When you work for a rapidly growing web organization, you will usually have to maintain “cash cow” legacy systems while working on next generation systems in parallel.
Considering that while, in the process of developing the next generation system, the majority of revenue will still come from the cash cow legacy systems, and there will still be a demand to generate more revenue from those systems while the bulk of R&D expenditures are allotted to next-gen development.
This article will attempt to provide some tips on how to succeed with increasing revenues in legacy systems while maintaining performance.
- What’s in performance for Revenues?
Since concepts like bounce rate, average time on site, CTR and visits amount are all influencing revenues, improving any of them can increase it.
Slow loading pages are clearly reflected on bounce rate graph, so does average time on site, improving your page speed can decrease the bounce rate and make users stay more time on your site.
Improving your page speed affects google page speed score and the better you score, the more organic traffic you’ll earn.
All this leads to the simple fact that every extra second count – in revenues!
- The fight for better performance
Performance issues can arise from backend, system architecture and more… today I will focus on the front end side of the system.
So, how can you find out what is wrong?
Monitoring first – Use GTMatrix, Google pagespeed Insights, Yslow, NewRelic or whatever monitoring system suits you best.
Compare various monitoring tools, the gap between their statistics will often teach you something new.
Page speed test tools will give you tips on what needs to be done and why although not always in the most cost effective manner.
Doing extensive changes on a legacy system will sometimes be painful to execute generally due to the coupled nature of such systems.
- Untie the spaghetti incident
It is not always possible and in those cases it might be preferable to find workarounds instead. First, try to separate the piece (page, website) you are currently working on, if the dependencies are giving you a hard time, you can avoid fixing them by just duplicate it.
Now that you can work on your code without being afraid of damaging existing logic, start to figure out what will be the most cost effective changes you can do.
Consider the following cost effective changes:
- Remove all external resources from your page. refresh. start to add only what is still relevant and get rid of all those resources that are there from “historical reasons”
- Re-evaluate your JS code for inline loading vs. onload events and change respectively.
- Search for synchronous JS code – sometimes you will find it on 3rd party services that might use async = false.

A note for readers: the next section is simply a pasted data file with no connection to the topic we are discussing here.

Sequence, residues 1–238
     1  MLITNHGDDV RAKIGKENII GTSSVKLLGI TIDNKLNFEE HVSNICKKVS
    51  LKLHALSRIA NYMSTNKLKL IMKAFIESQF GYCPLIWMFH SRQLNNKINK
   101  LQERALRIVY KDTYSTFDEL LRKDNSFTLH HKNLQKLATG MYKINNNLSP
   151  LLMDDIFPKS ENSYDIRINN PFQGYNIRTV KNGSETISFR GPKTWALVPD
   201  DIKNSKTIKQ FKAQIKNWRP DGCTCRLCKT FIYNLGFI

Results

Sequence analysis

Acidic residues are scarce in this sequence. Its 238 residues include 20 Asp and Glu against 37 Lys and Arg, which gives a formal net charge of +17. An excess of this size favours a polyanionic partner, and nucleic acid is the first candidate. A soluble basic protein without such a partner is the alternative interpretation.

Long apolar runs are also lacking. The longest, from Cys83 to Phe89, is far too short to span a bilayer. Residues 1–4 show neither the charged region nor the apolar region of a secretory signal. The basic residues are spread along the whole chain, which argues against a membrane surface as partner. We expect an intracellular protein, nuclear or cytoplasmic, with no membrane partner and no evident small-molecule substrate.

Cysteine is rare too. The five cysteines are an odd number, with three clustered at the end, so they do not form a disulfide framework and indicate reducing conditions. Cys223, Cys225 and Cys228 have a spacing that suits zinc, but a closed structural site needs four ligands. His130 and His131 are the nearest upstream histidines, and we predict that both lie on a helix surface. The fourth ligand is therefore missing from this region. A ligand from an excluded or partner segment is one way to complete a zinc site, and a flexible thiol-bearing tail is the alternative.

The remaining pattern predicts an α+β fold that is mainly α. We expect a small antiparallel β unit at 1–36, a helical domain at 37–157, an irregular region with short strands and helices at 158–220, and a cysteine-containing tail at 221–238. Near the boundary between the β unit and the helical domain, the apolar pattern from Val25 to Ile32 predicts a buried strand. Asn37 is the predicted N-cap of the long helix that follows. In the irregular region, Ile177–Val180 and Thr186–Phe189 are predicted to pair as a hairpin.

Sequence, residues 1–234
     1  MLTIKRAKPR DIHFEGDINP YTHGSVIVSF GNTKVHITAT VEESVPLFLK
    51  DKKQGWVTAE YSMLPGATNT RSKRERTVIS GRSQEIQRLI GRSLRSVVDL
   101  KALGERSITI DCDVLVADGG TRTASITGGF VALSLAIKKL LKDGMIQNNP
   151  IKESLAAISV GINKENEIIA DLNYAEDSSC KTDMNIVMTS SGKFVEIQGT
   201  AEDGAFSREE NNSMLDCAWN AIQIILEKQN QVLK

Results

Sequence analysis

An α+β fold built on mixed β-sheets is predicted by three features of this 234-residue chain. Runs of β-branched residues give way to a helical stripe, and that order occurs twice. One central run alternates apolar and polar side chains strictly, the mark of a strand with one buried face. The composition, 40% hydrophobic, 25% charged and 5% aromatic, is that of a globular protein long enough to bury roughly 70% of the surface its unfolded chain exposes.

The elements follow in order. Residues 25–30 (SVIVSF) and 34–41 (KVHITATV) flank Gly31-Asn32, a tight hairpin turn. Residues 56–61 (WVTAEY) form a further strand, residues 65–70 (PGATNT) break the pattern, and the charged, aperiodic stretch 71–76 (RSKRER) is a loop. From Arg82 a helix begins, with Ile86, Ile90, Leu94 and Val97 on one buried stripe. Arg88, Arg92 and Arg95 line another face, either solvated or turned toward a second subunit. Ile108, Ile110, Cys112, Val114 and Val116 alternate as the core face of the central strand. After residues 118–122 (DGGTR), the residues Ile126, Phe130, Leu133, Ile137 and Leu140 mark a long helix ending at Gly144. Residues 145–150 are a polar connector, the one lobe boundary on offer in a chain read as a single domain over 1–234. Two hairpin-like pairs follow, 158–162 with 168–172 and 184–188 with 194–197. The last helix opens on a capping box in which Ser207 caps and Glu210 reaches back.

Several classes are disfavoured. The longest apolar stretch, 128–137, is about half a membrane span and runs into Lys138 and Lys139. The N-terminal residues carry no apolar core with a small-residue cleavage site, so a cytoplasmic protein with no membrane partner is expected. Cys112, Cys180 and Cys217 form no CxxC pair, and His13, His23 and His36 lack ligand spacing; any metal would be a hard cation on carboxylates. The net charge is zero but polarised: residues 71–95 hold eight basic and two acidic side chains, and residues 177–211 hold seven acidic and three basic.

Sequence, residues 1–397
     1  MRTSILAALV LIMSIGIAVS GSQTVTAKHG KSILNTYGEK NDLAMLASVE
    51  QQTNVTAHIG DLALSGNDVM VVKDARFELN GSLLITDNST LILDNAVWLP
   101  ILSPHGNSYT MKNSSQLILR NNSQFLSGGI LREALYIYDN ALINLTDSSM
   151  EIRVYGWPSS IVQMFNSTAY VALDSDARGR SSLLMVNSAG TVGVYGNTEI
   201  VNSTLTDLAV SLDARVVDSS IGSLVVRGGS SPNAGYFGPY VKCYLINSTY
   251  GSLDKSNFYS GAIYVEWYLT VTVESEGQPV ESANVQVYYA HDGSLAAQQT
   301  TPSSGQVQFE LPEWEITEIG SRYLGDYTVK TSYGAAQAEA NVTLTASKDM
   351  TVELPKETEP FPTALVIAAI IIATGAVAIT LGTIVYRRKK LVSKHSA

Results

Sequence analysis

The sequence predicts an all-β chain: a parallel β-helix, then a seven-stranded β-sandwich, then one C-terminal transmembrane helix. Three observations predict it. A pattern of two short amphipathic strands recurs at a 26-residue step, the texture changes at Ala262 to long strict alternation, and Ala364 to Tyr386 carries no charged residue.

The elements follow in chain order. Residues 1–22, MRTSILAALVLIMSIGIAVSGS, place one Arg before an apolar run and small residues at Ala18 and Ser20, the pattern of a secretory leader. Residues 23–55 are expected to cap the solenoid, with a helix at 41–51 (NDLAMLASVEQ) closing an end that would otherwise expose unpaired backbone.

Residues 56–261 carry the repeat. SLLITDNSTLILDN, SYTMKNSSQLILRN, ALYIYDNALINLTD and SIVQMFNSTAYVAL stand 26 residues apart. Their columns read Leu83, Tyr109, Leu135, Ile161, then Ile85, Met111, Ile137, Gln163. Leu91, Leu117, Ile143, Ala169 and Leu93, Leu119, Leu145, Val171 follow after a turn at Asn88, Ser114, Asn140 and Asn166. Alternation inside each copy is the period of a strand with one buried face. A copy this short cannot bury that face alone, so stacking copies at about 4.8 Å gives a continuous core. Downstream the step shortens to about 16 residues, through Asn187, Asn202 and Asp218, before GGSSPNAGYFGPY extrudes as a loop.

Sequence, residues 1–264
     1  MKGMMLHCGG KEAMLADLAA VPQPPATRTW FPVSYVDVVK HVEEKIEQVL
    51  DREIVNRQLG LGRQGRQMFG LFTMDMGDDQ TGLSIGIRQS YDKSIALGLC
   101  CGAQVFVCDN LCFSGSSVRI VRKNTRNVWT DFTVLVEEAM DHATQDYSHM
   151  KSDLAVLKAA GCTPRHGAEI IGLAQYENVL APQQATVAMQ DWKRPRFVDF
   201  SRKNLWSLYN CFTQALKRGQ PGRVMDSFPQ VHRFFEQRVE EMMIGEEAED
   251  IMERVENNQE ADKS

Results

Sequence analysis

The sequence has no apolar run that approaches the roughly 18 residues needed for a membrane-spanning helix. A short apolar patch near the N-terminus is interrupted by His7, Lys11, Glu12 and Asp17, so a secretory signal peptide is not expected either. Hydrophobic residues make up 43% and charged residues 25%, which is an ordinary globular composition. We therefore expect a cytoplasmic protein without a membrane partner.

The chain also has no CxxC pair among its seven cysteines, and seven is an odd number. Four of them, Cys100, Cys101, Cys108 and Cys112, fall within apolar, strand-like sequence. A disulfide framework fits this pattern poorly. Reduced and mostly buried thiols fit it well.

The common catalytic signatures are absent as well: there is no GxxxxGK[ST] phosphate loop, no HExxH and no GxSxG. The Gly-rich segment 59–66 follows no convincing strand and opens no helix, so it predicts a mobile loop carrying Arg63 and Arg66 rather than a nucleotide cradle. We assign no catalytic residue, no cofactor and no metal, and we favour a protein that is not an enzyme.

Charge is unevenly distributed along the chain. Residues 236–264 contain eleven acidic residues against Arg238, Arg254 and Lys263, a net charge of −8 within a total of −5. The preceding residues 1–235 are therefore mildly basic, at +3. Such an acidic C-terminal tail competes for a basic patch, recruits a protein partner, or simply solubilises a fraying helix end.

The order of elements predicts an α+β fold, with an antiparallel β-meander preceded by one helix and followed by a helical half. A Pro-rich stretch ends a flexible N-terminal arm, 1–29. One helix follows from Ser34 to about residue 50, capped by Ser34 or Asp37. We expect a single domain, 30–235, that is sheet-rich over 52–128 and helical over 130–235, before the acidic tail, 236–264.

- Avoid CSS inlined imports
- Look for inline JS and CSS pieces and merge them into an exist file.
- Merge multiple calls into single calls (google fonts, small JS and CSS files etc…)
- Check for the amount of unused CSS, After many years with many developers working on the system don’t be surprised to find ~90% unused code there.
Removing unused CSS code will not only give you faster download times but will also help you to render your page much faster.
- Using tools like un-css or even using google developer tool to find out what CSS are unused will help you to get rid of them.
- Verify your images are as small as possible, Optimize your images when necessary.
- Limit base64 images in your CSS
- Enable GZIP compression
- Leverage browser caching – by adding cache headers while loading your images.
All these changes are easy to adopt on a single site or page and very cost effective.
Monitor the changes you have made after releasing them back into production. After proving your point, it will be way easier to request for resources or approvals of doing cross system changes for performance.
- What is the next step?
How to easily add those improvements into each and every site?
Here I can recommend of two different approaches:
- extensive changes in the system – like building a resource manager that will manage the resources by page/site and will centralize all performance improvements processes. (prioritizing resources, merging multiple files to reduce extra requests etc)
This will not decrease the number of requests, but will reduce your requests weight to the minimum and will happily influence on your site page speed.
We have implemented many of these strategies and are seeing excellent short term performance gains. In the next post, I will summarize and quantify how the various optimizations have affected our business requirements and goals